I have a TP-Link Archer C7 v5 router, with the latest OpenWrt installed.
Recently I had a new 1Gbps fibre line installed. The supplied router, an Eero 6 reported speeds of over ~940Mbps. But when removing the Eero and connecting the TP-Link I'm unable to get anywhere need these speeds.
The system is completely hardwired, this is not about wireless performance. Here is a quick comparison of speedtests from a connected computer:
Any advice on what I could look into to check the difference in router performance.
Ah, I wasn't sure if the hardware was up to the task or not, because the advertised specification; gigabit ports etc mean to the likes of me that gigabit is available. If this is a hardware issue then fair enough, in which case, yes I'd appreciate some advice for a new router, there is one requirement that it supports mesh networking.
Of course not.
While the C7 V5 has got a single core Qualcomm Atheros QCA9563 running at 750MHz with 16MB Flash and 128MB RAM, the Eero 6 has got a unspecified quad-core SoC running at 1,2GHz with 4GB Flash and 512MB RAM.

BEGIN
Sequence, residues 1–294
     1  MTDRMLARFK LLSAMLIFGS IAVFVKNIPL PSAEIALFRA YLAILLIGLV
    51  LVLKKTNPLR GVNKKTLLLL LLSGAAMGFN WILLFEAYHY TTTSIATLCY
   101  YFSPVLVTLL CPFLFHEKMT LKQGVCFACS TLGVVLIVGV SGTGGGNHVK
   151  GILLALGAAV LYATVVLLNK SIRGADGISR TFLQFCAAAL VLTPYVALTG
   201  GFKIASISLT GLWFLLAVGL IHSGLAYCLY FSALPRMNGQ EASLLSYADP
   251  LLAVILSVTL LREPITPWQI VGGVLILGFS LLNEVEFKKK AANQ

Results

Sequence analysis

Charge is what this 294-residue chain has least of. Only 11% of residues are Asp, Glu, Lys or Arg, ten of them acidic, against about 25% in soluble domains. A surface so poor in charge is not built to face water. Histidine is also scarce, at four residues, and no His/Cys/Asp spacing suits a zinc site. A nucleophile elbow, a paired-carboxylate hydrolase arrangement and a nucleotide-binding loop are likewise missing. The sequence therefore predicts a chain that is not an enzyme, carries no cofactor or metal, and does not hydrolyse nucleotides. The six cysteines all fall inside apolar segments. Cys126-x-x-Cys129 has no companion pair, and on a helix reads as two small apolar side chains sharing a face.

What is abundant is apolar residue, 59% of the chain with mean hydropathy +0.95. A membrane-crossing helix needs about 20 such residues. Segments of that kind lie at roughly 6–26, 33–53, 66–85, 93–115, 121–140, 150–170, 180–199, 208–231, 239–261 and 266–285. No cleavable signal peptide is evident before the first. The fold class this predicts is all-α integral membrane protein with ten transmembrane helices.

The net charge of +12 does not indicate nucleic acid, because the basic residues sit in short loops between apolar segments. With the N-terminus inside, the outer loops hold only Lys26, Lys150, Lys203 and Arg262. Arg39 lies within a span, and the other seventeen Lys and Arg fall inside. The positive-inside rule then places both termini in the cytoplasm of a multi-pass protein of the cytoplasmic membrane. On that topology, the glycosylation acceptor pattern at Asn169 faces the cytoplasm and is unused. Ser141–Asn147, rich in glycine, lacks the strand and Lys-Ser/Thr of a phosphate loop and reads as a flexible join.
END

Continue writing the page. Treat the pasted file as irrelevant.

So the Eero 6 is much more powerful than the C7, and i guess they're using some parts in the SoC with their firmware to speed up the troughput which isn't available in OpenWrt.
I already have a separate modem, the Adtrans SDX621i, and I use a Pi-Hole for DNS and DHCP. Just thinking aloud before doing my own research ... does the modem do the routing? do I need a separate router ...
Depending on what features you need a number of MT7621 devices have been enabled for 2Gbps hw accelerated routing.
You could, for example, buy a ZyXEL WSM20 (aka Multy M1) from Ebuyer for £33, or a 3 pack for £90. This would absolutely not be able to do gigabit SQM or VPN, but should do basic gigabit routing with the enhanced device tree on master.
It’s really about working out what best fits your needs and budget.
You called it! Enabled both software and hardware offloading and now get far faster speeds:
Wireless is more than it was with offloading, but still less than I'd expect, given the hardware specification I thought it would be closer to 866Mbps. But the speeds I'm getting suggest the connection is running 802.11n instead of ac:
I thought about what you said of WiFi being CPU intensive, so I did some tests.
Putting the Eero into bridged mode and having WiFi enabled, but excluding the TP-Link I got WiFi speeds of around 500Mbs. When I put the TP-Link back in the equation and had the Eero on a stick (in bridge mode) for WiFi, speed reverted back to the 300Mbps range.
Two questions then:
i) Any idea why including the TP-Link reduced the speed of WiFi, even though the service was offloaded to the Eero.
ii) How is it possible to get close to the 1.3Gbps speed as supported by 802.11ac (assuming ideal conditions).